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    Those are professional leagues. Big difference.

    Because of professional opportunities. The 100th best baseball player will likely be drafted in the 4th round of the draft and they will have the opportunity to play minor leagues. The 100th best tennis player can't go pro (or won't make any money doing it) and will have to fight for small partial's at sh*tty schools.

    Jesus. These people are student athletes with student coming first. Tennis doesn't bring in any money to the University, in fact, it's a cash drain. It wouldn't promote poor work ethic, what a silly comment.

    Also, I'm not "eliminating foreigners," just financial aid for foreigners. Let them play if they want...but they will have to pay.
     
  16. andfor

    andfor Hall of Fame

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    Well said. This sums it up for me. Funny how posters get to use the professional examples like roster limitations for basketball in Europe and baseball in Japan when it's convenient and makes sense to them. Then dismiss their own example when their point has been dismantled.
     
    Last edited: Jun 20, 2012
  17. Misterbill

    Misterbill Semi-Pro

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    Here are the core values of the NCAA:

    The Association – through its member institutions, conferences and national office staff – shares a belief in and commitment to:

    • The collegiate model of athletics in which students participate as an avocation, balancing their academic, social and athletics experiences.

    • The highest levels of integrity and sportsmanship.

    • The pursuit of excellence in both academics and athletics.

    • The supporting role that intercollegiate athletics plays in the higher education mission and in enhancing the sense of community and strengthening the identity of member institutions.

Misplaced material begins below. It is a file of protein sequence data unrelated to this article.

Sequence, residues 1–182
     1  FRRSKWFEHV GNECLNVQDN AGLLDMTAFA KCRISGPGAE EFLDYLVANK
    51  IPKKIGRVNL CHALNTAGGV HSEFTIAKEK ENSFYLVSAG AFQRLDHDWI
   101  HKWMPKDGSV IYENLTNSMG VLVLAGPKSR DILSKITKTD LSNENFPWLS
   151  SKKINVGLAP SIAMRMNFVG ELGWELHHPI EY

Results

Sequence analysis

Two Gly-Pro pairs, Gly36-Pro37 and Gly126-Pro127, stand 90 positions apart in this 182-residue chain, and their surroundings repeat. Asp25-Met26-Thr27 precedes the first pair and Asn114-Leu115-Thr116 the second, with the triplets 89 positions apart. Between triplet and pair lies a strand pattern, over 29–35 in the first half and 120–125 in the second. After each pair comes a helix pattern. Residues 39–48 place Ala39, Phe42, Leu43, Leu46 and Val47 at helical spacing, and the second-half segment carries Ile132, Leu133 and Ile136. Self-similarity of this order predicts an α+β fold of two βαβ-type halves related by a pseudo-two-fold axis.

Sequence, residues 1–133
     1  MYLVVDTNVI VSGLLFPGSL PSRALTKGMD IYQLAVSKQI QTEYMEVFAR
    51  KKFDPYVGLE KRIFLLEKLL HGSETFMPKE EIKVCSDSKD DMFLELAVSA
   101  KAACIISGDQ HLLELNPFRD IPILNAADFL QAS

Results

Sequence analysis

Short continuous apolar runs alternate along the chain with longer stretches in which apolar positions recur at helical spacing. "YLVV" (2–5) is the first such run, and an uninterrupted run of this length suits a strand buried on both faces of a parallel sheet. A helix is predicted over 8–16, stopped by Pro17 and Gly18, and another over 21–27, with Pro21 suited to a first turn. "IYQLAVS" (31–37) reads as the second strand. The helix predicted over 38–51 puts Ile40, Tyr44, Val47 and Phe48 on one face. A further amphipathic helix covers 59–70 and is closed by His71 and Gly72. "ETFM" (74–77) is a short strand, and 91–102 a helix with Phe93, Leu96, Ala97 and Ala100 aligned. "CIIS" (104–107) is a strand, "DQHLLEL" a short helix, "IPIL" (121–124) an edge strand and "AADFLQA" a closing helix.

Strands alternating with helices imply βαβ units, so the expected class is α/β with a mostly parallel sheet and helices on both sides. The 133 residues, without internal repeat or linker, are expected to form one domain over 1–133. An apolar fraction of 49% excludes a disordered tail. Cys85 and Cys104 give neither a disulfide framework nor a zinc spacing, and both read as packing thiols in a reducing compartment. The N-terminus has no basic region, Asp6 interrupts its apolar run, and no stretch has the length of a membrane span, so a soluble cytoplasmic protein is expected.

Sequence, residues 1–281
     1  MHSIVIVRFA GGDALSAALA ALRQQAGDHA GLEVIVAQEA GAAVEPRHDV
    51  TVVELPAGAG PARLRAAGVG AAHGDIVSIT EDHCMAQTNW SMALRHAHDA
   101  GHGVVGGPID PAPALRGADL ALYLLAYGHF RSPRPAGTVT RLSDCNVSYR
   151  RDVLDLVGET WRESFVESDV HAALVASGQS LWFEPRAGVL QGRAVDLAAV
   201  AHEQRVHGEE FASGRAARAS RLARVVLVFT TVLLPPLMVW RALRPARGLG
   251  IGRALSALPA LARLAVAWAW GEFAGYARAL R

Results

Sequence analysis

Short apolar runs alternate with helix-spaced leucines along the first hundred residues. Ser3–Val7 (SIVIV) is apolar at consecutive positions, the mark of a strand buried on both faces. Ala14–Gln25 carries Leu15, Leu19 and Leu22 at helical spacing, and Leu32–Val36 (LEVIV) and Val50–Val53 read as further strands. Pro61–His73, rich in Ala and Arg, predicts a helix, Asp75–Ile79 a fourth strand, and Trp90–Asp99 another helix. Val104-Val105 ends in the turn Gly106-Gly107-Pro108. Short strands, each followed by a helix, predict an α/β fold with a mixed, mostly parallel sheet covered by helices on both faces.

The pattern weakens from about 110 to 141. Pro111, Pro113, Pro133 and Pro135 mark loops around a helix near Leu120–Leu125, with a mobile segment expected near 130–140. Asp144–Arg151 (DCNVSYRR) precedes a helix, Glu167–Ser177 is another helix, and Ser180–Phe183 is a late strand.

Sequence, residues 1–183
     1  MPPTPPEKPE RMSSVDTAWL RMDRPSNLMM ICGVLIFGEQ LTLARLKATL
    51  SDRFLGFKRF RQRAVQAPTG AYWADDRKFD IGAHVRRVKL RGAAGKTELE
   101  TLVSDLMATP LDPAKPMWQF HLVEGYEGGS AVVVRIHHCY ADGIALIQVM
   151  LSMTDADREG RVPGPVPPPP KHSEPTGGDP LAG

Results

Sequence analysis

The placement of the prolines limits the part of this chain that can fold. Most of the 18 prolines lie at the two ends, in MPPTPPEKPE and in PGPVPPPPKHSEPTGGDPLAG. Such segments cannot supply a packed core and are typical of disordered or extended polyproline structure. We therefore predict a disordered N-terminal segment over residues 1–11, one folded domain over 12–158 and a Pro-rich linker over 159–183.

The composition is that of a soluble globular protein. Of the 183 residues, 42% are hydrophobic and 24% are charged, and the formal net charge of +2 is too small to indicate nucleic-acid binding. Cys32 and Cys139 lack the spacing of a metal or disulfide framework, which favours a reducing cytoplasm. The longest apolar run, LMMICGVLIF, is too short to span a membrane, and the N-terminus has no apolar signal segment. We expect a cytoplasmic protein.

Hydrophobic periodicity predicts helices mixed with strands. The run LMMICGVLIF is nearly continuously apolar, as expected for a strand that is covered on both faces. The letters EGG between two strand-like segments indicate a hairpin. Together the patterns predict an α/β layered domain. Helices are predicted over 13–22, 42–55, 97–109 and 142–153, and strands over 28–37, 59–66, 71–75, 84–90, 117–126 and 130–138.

• An inclusive culture that fosters equitable participation for student-athletes and career opportunities for coaches and administrators from diverse backgrounds.

    • Respect for institutional autonomy and philosophical differences.

    • Presidential leadership of intercollegiate athletics at the campus, conference and national levels.
    Last Updated: Jun 29, 2010

    http://www.ncaa.org/wps/wcm/connect/public/ncaa/about+the+ncaa/who+we+are/core+values+landing+page

    Being "pro-foreign" certainly would seem to be inconsistent with the values of inclusiveness and equitable participation. But so would discrimination based on nationality. In fact, I don't see any distinctions based on nationality mentioned anywhere in the core values

    By the way, I don't see anyone here who is pro-foreign. I see posters who are pro-nondiscrimination and pro-meritocracy.

    I think the NCAA would have to change its core values if it decided it would be good policy to ban or limit foreigners, or eliminate foreigners' opportunity to receive athletic scholarships.

    As the core values currently stand, this kind of stuff seems like a non-starter.